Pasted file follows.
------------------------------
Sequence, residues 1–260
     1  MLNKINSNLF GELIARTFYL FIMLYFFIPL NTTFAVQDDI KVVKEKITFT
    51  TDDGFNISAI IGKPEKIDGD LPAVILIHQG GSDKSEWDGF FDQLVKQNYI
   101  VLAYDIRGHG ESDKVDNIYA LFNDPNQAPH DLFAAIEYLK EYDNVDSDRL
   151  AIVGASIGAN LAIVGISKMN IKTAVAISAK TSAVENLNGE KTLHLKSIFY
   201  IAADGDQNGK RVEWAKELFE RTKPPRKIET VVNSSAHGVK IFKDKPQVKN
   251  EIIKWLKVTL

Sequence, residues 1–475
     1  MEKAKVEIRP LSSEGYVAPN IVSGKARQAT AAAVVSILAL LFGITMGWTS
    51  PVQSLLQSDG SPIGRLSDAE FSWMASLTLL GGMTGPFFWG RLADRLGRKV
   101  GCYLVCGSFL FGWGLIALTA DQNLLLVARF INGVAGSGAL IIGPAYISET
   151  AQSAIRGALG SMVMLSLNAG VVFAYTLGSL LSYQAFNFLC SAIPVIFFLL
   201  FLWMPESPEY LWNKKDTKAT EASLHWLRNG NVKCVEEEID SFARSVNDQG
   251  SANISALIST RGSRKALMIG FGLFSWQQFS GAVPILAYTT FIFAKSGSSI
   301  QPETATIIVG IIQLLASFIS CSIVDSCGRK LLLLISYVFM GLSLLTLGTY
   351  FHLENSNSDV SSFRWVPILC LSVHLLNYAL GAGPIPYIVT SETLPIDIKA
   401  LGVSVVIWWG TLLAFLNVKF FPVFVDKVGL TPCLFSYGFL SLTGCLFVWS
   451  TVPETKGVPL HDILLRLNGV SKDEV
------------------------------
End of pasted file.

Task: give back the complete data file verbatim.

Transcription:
Sequence, residues 1–260
     1  MLNKINSNLF GELIARTFYL FIMLYFFIPL NTTFAVQDDI KVVKEKITFT
    51  TDDGFNISAI IGKPEKIDGD LPAVILIHQG GSDKSEWDGF FDQLVKQNYI
   101  VLAYDIRGHG ESDKVDNIYA LFNDPNQAPH DLFAAIEYLK EYDNVDSDRL
   151  AIVGASIGAN LAIVGISKMN IKTAVAISAK TSAVENLNGE KTLHLKSIFY
   201  IAADGDQNGK RVEWAKELFE RTKPPRKIET VVNSSAHGVK IFKDKPQVKN
   251  EIIKWLKVTL

Sequence, residues 1–475
     1  MEKAKVEIRP LSSEGYVAPN IVSGKARQAT AAAVVSILAL LFGITMGWTS
    51  PVQSLLQSDG SPIGRLSDAE FSWMASLTLL GGMTGPFFWG RLADRLGRKV
   101  GCYLVCGSFL FGWGLIALTA DQNLLLVARF INGVAGSGAL IIGPAYISET
   151  AQSAIRGALG SMVMLSLNAG VVFAYTLGSL LSYQAFNFLC SAIPVIFFLL
   201  FLWMPESPEY LWNKKDTKAT EASLHWLRNG NVKCVEEEID SFARSVNDQG
   251  SANISALIST RGSRKALMIG FGLFSWQQFS GAVPILAYTT FIFAKSGSSI
   301  QPETATIIVG IIQLLASFIS CSIVDSCGRK LLLLISYVFM GLSLLTLGTY
   351  FHLENSNSDV SSFRWVPILC LSVHLLNYAL GAGPIPYIVT SETLPIDIKA
   401  LGVSVVIWWG TLLAFLNVKF FPVFVDKVGL TPCLFSYGFL SLTGCLFVWS
   451  TVPETKGVPL HDILLRLNGV SKDEV